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NIOSH to mandate better-fitting respirators, ease fit-test requirements
With new rule, more HCWs will pass fit-tests
Better-fitting respirators are on the horizon. Newly proposed criteria will require manufacturers to prove that their N95 filtering facepiece respirators meet a minimal level of fit — right out of the box.
This doesn't mean the end of fit-testing. But along with implementing these criteria, the National Institute for Occupational Safety and Health (NIOSH) is researching whether annual fit-testing could be replaced by intervals of two or three years.
The bottom line for consumers, such as hospitals: Your employees will be more likely to fit the respirators that meet tougher minimum standards, and the respirators on the market will be of more consistent quality. The draft standard would limit the total inward leakage of respirators — the amount of air that leaks around the face seal or exhalation valve or through the filter material — to 5%. To meet the criteria, an N95 model must pass 26 of 35 fit-tests.
"It does not guarantee fit on an individual, [but] it should increase the probability that a respirator they buy is likely to fit," explains Roland Berry Ann, deputy director of the NIOSH National Personal Protective Technology Laboratory in Pittsburgh.
A revision of the criteria for N95 respirators was long overdue, says Bill Borwegen, MPH, health and safety director for the Service Employees International Union (SEIU) in Washington, DC. "This will hopefully spur manufacturers to design products that fit a wider array of facial features and sizes," he says.
Currently, the quality and fit of the respirators vary greatly. A NIOSH study of 18 N95 models found that three fit well out of the box, even without fit-testing. Yet the performance of the other respirators dropped off sharply. The highest pass rate for any respirator using a qualitative fit-test method (Bitrex or saccharin) was 55%. With one respirator model, only three of 24 people tested with Bitrex passed and no one passed the saccharin test. Five respirator models failed all fit-tests using the Portacount.1
That means that hospitals that purchase respirators with poorer fit characteristics will spend more time and effort trying to match employees with a correct size and fit, says Chris Coffey, PhD, chief of the laboratory research branch of the NIOSH Division of Respiratory Disease Studies in Morgantown, WV.
"No matter what the final level is [with the new fit criteria], the quality of respirators will be improved," he says.
NIOSH has always counted on fit-testing to ensure a good fit for N95s. For the past 12 years, NIOSH focused its certification requirements on the filter material. An N95 respirator must be able to filter out at least 95% of an airborne contaminant.
Designs will match modern face of America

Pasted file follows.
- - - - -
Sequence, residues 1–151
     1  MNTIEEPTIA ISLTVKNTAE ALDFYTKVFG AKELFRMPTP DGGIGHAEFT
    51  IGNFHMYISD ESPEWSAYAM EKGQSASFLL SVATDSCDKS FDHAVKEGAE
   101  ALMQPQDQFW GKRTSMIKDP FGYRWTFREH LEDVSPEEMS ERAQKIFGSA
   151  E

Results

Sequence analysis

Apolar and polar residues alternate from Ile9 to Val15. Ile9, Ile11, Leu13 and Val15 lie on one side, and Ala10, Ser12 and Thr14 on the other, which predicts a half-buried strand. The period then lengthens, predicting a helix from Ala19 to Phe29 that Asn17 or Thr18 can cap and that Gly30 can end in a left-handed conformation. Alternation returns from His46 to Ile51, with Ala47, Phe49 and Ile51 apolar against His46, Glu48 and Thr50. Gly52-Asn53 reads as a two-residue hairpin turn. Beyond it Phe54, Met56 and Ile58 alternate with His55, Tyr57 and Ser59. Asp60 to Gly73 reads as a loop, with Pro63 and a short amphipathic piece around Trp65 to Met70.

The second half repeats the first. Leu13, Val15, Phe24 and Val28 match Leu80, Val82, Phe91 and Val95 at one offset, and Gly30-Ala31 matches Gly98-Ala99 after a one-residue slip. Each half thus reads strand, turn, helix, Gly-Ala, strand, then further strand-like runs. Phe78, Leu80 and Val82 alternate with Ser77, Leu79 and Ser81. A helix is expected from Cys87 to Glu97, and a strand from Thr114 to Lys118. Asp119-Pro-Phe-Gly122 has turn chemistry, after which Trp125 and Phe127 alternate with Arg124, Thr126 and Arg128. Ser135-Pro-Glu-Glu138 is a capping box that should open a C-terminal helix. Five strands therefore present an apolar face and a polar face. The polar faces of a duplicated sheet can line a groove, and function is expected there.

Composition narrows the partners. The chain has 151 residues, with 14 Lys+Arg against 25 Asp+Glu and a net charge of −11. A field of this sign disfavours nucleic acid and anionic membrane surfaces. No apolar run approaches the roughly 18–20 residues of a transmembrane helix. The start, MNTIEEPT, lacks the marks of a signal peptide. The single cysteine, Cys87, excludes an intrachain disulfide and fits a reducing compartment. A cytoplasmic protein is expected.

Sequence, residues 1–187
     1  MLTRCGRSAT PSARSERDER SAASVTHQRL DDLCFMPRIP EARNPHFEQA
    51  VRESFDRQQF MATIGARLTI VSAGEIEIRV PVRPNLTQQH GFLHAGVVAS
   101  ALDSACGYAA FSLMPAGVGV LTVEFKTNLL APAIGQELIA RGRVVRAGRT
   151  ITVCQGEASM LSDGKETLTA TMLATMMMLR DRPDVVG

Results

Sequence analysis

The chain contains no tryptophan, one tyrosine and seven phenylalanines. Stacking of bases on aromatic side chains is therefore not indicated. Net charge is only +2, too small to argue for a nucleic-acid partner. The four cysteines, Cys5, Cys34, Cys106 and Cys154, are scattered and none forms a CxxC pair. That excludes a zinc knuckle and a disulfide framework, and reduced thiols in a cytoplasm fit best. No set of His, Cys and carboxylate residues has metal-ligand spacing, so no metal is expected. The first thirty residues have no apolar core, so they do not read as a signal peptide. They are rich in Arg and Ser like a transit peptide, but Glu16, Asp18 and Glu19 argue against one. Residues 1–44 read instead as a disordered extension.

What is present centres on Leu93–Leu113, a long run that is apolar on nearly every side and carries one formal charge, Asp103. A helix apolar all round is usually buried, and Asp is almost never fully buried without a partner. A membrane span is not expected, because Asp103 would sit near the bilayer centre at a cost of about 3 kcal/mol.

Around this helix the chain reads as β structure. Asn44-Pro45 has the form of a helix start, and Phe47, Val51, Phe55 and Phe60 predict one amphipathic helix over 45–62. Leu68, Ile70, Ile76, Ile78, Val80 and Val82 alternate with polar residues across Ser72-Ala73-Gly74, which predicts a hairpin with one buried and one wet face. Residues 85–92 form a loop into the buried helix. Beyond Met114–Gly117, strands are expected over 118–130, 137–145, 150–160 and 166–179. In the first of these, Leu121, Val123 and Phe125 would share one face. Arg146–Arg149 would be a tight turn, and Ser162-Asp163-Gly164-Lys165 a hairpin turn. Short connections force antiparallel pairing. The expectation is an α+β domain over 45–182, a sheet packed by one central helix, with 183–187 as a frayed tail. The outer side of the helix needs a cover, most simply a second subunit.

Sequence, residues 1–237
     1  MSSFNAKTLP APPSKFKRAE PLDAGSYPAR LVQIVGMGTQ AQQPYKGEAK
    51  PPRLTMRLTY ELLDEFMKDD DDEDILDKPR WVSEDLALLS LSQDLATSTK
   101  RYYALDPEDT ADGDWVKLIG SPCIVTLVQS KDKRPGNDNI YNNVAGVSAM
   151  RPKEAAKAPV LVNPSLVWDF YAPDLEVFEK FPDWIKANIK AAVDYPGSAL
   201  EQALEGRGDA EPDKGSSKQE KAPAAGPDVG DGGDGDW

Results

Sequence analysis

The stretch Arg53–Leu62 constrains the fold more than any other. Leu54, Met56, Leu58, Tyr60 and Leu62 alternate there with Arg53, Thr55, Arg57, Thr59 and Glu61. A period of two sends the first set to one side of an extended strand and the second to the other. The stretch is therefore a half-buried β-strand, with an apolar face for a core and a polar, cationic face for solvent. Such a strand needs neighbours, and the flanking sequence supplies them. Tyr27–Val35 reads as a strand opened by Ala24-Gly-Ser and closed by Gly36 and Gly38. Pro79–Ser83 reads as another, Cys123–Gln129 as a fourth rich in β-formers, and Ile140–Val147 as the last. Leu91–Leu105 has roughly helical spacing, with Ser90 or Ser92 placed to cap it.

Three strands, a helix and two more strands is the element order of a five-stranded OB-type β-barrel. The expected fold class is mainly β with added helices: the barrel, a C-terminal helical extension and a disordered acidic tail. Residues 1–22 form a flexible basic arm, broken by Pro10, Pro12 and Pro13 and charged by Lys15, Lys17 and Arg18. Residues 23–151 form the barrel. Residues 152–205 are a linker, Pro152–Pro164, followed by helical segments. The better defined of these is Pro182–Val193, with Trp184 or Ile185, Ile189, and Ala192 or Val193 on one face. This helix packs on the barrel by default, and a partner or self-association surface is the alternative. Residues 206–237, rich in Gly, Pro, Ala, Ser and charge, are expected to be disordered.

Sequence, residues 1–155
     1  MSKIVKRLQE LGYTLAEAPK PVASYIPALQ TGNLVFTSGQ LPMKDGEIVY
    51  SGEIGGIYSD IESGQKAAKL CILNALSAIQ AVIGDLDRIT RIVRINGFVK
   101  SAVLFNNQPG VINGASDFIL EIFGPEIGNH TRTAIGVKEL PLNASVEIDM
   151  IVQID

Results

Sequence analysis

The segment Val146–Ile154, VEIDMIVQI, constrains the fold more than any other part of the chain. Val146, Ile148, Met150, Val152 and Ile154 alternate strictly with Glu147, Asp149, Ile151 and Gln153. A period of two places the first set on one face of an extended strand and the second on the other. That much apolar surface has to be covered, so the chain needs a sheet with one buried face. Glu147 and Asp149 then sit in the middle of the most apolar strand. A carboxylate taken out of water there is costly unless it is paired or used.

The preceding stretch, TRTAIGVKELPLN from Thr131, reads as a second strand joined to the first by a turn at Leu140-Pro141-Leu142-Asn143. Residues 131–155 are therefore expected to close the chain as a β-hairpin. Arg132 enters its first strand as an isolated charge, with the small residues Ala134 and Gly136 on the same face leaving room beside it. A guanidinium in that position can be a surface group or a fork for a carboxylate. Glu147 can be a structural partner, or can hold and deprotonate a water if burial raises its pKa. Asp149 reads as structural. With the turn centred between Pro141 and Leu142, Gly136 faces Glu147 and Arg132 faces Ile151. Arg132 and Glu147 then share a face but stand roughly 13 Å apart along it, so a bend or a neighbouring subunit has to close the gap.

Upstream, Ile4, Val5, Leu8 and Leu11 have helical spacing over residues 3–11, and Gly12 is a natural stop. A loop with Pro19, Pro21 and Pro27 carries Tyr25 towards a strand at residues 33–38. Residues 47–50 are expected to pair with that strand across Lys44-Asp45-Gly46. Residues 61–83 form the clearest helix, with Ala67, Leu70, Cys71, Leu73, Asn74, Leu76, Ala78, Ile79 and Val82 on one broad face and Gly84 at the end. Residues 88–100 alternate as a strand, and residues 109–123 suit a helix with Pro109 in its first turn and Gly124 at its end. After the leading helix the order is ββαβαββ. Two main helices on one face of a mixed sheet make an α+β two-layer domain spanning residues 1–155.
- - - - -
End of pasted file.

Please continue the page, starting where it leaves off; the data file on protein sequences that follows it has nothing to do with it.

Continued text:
The new criteria put a greater emphasis on the quality of the face seal, which may differ based on respirator style. NIOSH also has updated the test panel that reflects the facial structure of the "average" respirator wearer.
Although the U.S. population has aged, become more ethnically diverse and heavier, NIOSH had not updated its test panel since the 1970s. "Our intent is to use the new test panel and then have performance criteria based upon their ability to fit the people on that test panel," says Berry Ann.
Changing the test panel represents an important advance, says Coffey. "That [outdated test panel] may be one of the reasons that even the larger manufacturers didn't do too well [on total inward leakage tests]. They were designing these respirators using outdated, obsolete panels that didn't represent the average person in the United States today."
NIOSH is accepting comments on its "total inward leakage" requirements and held a public meeting on the proposed criteria in late June. While the changes are widely lauded, there may be some debate about where to set the criteria and how to phase in the changes.
"There are respirators out there that are going to pass this test easily," says Steve Lenhart, a retired NIOSH industrial hygienist, who studied respirator performance. He suggests that consumers should look for specific data from manufacturers on how they performed on total inward leakage tests. "If the respirator I'm about to buy just barely passed, I want to know that," he says.
Meanwhile, it will take time before respirators will be required to meet the higher standards. Finalizing the rule will take about 18 months, estimates Berry Ann. NIOSH also will likely provide a phase-in period during which currently certified respirators will be allowed to remain on the market, perhaps with a different certification symbol.
Fit-testing will continue to be an important part of respirator programs, says Berry Ann. In fact, if your current model performs well in fit-tests of your current employees, you may choose to continue using it, since that fit-test is the ultimate determinant of individual fit, he says.
Will better-fitting respirators require less frequent fit-testing? NIOSH isn't prepared to say that. But further information should come from a study of respirator fit over time. Individuals will be tested every six months over a three-year period to see how their fit changes due to aging, weight gain, or other factors.
"We're going to be remeasuring their facial characteristics to try to [compare] the changes in their facial characteristics with the changes in their fitting," says Berry Ann.
The end result, hopefully, will be better-fitting respirators and a lesser fit-testing burden on employers.
(Editor's note: More information on the Total Inward Leakage requirement is available from www.cdc.gov/niosh/npptl/resources/certpgmspt/meetings/062607/lttr-062607.html.)